In 2013, he returned again to the Zone to follow up on the cleanup efforts and the progress of the Chernobyl New Safe Confinement. This marked the 20th year of covering the aftermath of the Chernobyl Nuclear Disaster, and he soon after began the process of turning his coverage into a book. In February 2014, he teamed up with Austrian publisher Edition Lammerhuber [18] owned by Lois Lammerhuber to publish his 20-year retrospective photo book, The Long Shadow of Chernobyl [19]. To fund the printing costs of the book, Mr. Ludwig again turned to Kickstarter, raising $45,571 [20]. The launch of the book took place at the Naturhistorisches Museum (Natural History Museum) in Vienna, Austria and coincided with a major exhibition [21] and discussion panel.

Quote[edit]

“A great photograph touches the soul and broadens the mind.”

Bibliography[edit]

  • AO TEA ROA: Island of Lost Desire. Hundertwasser in New Zealand (Albrecht Knaus Verlag, 1979)[22]
  • BROKEN EMPIRE: After the Fall of the USSR (National Geographic Society, 2001)[23]
  • The Long Shadow of Chernobyl, an interactive photo book as iPad App (Lightbox Press, 2011)[24]
  • The Long Shadow of Chernobyl (Edition Lammerhuber, 2014)[25]

Anthologies[edit]

  • Visions of Paradise (National Geographic Society, 2008)[26]
  • What Matters (Sterling, 2008)[27]
  • Blue Planet Run (Earth Aware Editions, 2007)[28]
  • Wide Angle: National Geographic's Greatest Places (National Geographic Society, 2005)[29]
  • Witness: The World's Greatest News Photographers (Carlton Books, Ltd, 2005)[/1844424928]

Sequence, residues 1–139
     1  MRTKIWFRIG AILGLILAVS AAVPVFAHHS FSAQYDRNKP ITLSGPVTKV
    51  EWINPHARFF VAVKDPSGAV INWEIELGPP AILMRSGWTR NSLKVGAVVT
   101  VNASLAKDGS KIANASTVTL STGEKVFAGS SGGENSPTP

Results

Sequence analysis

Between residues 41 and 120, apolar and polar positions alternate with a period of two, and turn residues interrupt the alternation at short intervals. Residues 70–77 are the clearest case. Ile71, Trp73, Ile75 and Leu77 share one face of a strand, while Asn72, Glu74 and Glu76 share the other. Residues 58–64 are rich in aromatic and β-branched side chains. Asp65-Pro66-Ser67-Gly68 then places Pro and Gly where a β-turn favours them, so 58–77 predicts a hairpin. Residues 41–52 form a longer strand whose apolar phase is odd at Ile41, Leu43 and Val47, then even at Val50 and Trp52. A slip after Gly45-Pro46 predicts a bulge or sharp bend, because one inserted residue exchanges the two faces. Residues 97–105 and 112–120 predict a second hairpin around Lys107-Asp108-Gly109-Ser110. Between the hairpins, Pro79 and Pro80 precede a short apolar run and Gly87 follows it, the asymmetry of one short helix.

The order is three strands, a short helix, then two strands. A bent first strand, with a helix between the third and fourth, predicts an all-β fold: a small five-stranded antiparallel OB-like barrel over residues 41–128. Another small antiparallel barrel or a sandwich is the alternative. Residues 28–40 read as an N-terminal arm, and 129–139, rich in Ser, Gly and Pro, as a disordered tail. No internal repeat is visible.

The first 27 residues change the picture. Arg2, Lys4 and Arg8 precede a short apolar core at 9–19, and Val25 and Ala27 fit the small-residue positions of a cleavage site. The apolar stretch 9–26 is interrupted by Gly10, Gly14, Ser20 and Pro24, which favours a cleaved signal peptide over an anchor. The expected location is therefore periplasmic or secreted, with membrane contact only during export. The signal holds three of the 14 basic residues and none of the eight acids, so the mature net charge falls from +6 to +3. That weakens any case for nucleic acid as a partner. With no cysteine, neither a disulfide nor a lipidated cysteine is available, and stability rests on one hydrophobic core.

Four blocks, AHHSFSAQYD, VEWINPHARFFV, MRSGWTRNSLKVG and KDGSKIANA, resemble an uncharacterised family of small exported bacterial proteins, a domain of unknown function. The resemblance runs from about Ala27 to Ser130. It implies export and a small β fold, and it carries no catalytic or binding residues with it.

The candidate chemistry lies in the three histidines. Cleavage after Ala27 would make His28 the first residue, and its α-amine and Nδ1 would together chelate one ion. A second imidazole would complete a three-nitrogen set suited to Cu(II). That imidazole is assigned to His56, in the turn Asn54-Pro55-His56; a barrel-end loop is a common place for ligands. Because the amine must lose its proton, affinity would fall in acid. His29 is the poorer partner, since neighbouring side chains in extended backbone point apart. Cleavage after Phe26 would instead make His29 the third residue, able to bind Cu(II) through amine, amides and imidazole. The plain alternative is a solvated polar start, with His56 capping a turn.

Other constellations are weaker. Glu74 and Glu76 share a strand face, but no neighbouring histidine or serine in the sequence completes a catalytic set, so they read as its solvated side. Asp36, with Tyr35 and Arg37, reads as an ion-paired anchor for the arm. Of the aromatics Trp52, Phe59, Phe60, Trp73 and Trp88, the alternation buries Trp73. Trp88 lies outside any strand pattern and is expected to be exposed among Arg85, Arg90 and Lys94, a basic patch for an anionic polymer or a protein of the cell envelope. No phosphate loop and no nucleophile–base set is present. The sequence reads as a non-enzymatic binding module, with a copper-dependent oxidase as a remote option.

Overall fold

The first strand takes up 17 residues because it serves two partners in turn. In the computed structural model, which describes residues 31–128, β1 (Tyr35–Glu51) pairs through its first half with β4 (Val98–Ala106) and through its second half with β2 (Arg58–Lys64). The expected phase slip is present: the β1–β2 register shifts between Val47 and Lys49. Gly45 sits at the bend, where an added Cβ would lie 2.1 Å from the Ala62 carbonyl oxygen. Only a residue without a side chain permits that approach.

• A Day In The Life of Africa (Tides Foundation, 2002)[30]
  • The View Project by Joyce Tenneson (Blurb, 2010) [31]
  • National Geographic 50 Greatest Pictures (National Geographic Society, 2011) [32]
  • Behind the Photographs, Photographer Portraits by Tim Mantoni (Channel Photographics, 2012) [33]

National Geographic Stories[edit]

  • "The Nuclear Tourist" National Geographic: October 2014
  • "Störfall in der Todeszone" National Geographic Germany: October 2014
  • "Searching for King Arthur" National Geographic Germany: January 2014
  • “Tomorrowland” National Geographic Magazine: February 2012
  • “Crimea: A Jewel in Two Crowns” National Geographic Magazine: April 2011
  • “Soul of Russia” National Geographic Magazine: April 2009
  • “Jakob der Reiche” National Geographic Germany: March 2009
  • “Moscow Never Sleeps” National Geographic Magazine: August 2008
  • “Send Me to Siberia” National Geographic Magazine: June 2008
  • “Vitus Bering” National Geographic Scandinavia: October 2007
  • “Vitus Bering” National Geographic Germany: February 2007.
  • “Marktl” National Geographic Germany: May 2006.
  • “The Long Shadow Of Chernobyl” National Geographic: April 2006.
  • “Napoleon In Germany” National Geographic Germany: November 2005.
  • “The Salton Sea” National Geographic: February 2005.
  • “Nibelungen” National Geographic Germany: December 2004.
  • “Russia Rising” National Geographic: November 2001.
  • “Russlands Seele” National Geographic Germany: November 2001.
  • “The Brothers Grimm – Guardians of the Fairy Tale” National Geographic: December 1999.
  • “A Comeback for the Cossacks” National Geographic: November 1998.
  • “Russia’s Iron Road (Trans-Siberian Railroad)” National Geographic: June 1998.
  • “Moscow. The New Revolution” National Geographic: April 1997.
  • “Reinventing Berlin” National Geographic: December 1996.
  • “Toronto” National Geographic: June 1996.
  • “Soviet Pollution,” National Geographic: August 1994
    • “Lethal Legacy: Pollution in the Former U.S.S.R.”
    • “Chernobyl: Living With the Monster”
  • “A Broken Empire” National Geographic: March 1993
    • “Russia: Playing by New Rules”
    • “Kazakhstan: Facing the Nightmare”
    • “Ukraine: Running on Empty”
  • “Main-Danube Canal Links Europe’s Waterways,” National Geographic: August 1992.
  • “The Morning After: Germany Reunited” National Geographic: September 1991.

External links[edit]